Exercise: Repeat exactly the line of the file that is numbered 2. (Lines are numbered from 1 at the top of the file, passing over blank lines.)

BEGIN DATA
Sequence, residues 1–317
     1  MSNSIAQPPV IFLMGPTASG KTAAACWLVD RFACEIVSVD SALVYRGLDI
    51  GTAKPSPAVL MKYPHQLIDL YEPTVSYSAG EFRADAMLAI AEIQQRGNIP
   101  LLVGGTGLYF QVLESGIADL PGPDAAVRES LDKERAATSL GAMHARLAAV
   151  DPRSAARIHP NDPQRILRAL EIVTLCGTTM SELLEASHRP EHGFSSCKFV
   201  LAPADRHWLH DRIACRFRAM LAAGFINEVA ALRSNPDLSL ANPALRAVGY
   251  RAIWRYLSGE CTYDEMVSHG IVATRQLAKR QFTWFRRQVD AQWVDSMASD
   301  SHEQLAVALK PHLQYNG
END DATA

     1  MSNSIAQPPV IFLMGPTASG KTAAACWLVD RFACEIVSVD SALVYRGLDI